Apple is beginning to see the benefit of the so-called 'iPod Halo' factor.
The Washington Times reports that an increasing number of iPod-using Windows users are upgrading to a Mac when their existing machine fails or falls short of capacity.
The report explains: "For now, the halo effect exists primarily as a theory in the minds of executives and some analysts, but evidence is emerging that it is becoming a real phenomenon."
With 5.3 million iPods shipped in the last quarter, Mac sales are also climbing; Mac hardware sales grew 43 per cent year-on-year.
Apple's vice president of worldwide sales and operations Tim Cook truly believes iPod to be inspiring Mac sales: "We certainly think that a number of kids that had a great experience with an iPod opted to take an iBook or a PowerBook off to school with them," he told analysts during a recent conference call.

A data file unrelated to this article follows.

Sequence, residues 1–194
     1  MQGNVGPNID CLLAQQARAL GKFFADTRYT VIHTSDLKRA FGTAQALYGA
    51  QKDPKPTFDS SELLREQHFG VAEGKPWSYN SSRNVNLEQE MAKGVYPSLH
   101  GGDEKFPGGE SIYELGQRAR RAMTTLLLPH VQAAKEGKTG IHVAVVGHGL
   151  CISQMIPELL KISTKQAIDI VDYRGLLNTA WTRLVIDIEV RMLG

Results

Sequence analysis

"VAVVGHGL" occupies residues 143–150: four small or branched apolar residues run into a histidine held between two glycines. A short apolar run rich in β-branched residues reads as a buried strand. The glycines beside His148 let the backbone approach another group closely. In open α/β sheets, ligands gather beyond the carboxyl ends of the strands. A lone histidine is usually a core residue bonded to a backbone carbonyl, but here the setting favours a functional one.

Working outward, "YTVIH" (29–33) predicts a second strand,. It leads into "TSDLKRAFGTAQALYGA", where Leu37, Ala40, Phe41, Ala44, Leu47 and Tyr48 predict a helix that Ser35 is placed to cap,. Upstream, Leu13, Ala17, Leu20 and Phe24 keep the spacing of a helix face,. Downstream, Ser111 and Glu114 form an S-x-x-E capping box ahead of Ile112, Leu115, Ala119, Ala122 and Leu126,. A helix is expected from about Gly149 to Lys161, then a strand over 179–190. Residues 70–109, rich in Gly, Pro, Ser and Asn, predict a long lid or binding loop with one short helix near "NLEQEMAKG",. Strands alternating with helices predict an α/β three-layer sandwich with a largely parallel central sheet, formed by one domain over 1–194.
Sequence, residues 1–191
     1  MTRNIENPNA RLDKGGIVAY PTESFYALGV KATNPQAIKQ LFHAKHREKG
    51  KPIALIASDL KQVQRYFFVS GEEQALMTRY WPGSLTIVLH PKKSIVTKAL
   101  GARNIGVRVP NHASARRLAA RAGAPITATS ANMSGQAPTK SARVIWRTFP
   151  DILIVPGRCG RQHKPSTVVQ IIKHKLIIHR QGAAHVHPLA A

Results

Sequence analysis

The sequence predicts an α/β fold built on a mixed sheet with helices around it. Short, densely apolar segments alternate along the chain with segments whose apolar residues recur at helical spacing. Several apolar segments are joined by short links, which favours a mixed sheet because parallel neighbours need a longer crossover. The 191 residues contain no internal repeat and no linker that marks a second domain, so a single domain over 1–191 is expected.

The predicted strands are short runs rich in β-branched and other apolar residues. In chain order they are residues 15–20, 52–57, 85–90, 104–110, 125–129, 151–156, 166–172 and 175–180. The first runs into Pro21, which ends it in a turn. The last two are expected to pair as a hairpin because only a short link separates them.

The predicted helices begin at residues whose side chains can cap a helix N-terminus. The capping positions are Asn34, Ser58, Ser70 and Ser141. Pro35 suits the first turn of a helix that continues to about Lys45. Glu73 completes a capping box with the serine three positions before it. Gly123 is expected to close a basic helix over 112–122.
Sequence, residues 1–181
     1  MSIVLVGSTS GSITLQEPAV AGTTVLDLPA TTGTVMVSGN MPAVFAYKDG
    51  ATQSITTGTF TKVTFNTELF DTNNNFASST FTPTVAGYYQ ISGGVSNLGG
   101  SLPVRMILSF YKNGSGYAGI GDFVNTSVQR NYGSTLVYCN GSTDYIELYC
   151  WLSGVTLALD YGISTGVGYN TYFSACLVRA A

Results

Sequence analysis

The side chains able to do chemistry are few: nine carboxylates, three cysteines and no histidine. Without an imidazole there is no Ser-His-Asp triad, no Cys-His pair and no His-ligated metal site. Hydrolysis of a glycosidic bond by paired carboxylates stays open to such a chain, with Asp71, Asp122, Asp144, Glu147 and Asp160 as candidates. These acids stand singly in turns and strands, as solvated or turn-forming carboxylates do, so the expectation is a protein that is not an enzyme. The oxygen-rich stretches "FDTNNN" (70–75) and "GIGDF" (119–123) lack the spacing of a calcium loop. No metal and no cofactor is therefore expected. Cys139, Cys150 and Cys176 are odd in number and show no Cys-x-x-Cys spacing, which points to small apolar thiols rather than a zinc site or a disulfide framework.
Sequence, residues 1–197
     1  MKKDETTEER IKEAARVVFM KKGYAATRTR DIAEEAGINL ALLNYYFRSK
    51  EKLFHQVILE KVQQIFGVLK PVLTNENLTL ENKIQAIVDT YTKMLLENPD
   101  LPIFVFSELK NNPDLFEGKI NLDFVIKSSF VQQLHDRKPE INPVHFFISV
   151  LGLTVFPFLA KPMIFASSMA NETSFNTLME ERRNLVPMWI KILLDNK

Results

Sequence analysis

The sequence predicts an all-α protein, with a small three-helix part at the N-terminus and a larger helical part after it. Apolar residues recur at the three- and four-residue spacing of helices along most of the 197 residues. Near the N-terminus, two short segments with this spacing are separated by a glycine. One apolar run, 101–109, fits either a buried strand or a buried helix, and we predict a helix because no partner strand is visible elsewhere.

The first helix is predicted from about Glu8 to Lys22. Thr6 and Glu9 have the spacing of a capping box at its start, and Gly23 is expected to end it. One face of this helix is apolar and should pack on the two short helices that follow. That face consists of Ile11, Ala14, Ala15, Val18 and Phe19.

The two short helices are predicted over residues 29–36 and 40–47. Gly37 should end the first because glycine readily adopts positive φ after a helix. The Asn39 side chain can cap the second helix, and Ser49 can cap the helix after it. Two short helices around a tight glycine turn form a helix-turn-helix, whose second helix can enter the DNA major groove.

The introduction of the Mac mini is also likely to encourage computer buyers to choose a Mac as their second or third computer.
Commenting on this, Jupiter Research analyst Michael Gartenberg described a situation in which he surmises Apple's philosophy as: "If we can't be your choice for a first computer, maybe we can be your choice for a second."